Understanding Characters

character traits

I love teaching character analysis!  I love looking closely at an interesting character and trying to uncover what makes them tick.  And in my experience, kids love this process, too.  Unfortunately, for many kiddos, understanding character traits is a bit tricky.  Here are three big pitfalls and what to do about them!

character trait read alouds
Read alouds for character traits.

1. VOCABULARY!

One of the biggest issues is simply vocabulary.  Most kids are familiar with the basic emotions – sad, happy, mad.  But words that describe traits, such as compassionate, driven, and selfish, are often totally new or only partially understood.  Build vocabulary by including LOTS of read alouds with rich discussions about the characters.  List those traits on anchor charts or in notebooks, illustrate different traits, and use that vocabulary in the day-to-day of the classroom as much as possible!  Any book with a strong character can be used for teaching traits but here are some of my favorite books/authors for character study. (You can read more about these books on Amazon by clicking the links at the bottom of the post.)

2. OUTSIDE VS INSIDE

Another aspect that trips ups kids is understanding the difference between what we see on the outside and what the character is like on the inside.  Ask younger students to describe a character and you’ll often get a description of their physical features.  Help kids understand the difference between physical traits and personality traits.

Physical traits can be seen with our eyes.  Personality traits are trickier.  We have to use what we know about the character – their actions, choices, words, thoughts, feelings and more.  We must use all of those clues to draw conclusions about the personality of the character.  An anchor chart, a few class discussions, and some notes in a journal is all you need to clear up this misconception.

character traits anchor chart
Character Traits Anchor Chart: Inside Vs. Outside the Character

3. EMOTIONS VS TRAITS

Another area of confusion is the difference between emotions and character traits.  Many students want to describe a character as “angry” because the character was angry at one point in the story.  Or they’ll say a character is “sad” because she cried.  The emotion might be correct for the situation, but when we’re talking character traits, kids need to think bigger picture.

Ask students to think of a time they were angry about something and share with a partner.  Next, ask “Would you describe yourself as an angry person?”  Allow for some discussion.  Help kids see the difference between how you felt at a certain time and how you tend to behave all the time.  A “trait” is true all or much of the time.  An “emotion” is true only for that situation.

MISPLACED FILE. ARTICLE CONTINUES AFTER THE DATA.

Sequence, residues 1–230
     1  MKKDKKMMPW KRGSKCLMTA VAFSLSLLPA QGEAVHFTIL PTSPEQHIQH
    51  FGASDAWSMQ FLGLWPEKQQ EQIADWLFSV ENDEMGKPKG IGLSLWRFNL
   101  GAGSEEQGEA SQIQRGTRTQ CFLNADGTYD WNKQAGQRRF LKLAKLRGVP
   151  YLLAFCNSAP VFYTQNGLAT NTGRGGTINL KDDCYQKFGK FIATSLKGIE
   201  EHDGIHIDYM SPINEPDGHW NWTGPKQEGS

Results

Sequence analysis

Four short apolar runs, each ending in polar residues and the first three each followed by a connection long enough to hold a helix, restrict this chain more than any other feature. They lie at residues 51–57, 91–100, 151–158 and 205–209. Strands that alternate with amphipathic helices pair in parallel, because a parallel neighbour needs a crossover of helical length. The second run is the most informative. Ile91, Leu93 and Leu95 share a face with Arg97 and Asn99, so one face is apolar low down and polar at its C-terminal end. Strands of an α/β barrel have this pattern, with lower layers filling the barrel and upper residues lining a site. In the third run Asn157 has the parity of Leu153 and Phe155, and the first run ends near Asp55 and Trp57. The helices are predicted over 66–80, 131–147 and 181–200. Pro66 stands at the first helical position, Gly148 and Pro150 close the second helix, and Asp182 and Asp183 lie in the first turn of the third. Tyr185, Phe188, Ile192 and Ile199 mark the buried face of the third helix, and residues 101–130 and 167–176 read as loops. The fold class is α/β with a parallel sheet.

Below is my handy anchor chart.  You can’t tell in the photo, but the “Emotions” side is written and colored in purple, while the “Traits” side is written and colored in blue.

character traits anchor chart
Character Traits Anchor Chart: Emotions Vs. Traits

If you’d like some more resources, check out my Character Study pack on TPT.  You’ll find a student booklet, foldables, and notebooking ideas! 🙂

Character Study Pack on TPT

Back to the books!  Here are some of my favorite read-alouds for teaching character traits.  I like to start with short, simple books like “No, David!” because the kids don’t get lost in the story or zone out while reading.  You can spark surprisingly rich discussion about a simple character like David.  Is he bad?  Is he good?  What words best describe him?  And you can easily begin teaching lots of great vocabulary (kindhearted, impulsive, energetic, playful, forgetful, etc.).  Plus, I just love David!

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I’d love to hear any other book recommendations!  There are so many great ones to choose from!

🙂  Kady

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19 thoughts on “Understanding Characters

        1. Teacher Trap Post author

          I actually make important charts twice (usually). I’ll make one version with the class and it’s usually a mess! I have terrible handwriting, especially when I’m leaning over the rolling cart at a weird angle! So at the end of the day, I’ll sit down and remake the chart a little neater. I find it calming. 🙂 Oddly enough, the kids have never said anything! ??

    1. Teacher Trap Post author

      It is a tricky concept! The chart seems to help. Thanks for reading! 🙂

  1. Jacklyn

    Love the charts! Yes, do you create them with the class or beforehand??? What works best. I feel like during would be good, so you can create them with the class. But then you don’t have the time to make it nice and artsy. Thoughts? What do you do?

    1. Teacher Trap Post author

      I do create the charts with the class but since I’m usually rushing and I have terrible handwriting, I often recreate them at the end of the day! (Sounds dumb, but I find it relaxing to pull out my markers and crayons and create a “pretty” version at the end of the day.) Sometimes we’ll just make the “chart” on notebook paper using the document camera or on the whiteboard. That way I’m not wasting 2 big pieces of chart paper every time. 🙂

  2. Marissa

    I am loving these charts to help break down the basics when it comes to understanding characters. I am going to pin this and share it on my article about graphic novels and stepping kids through stages of reading. Thanks!

  3. Robyn Windham

    This is a fabulous post – glad I found it on pinterest 🙂 Going to check out these books – would love to know more books that you have used?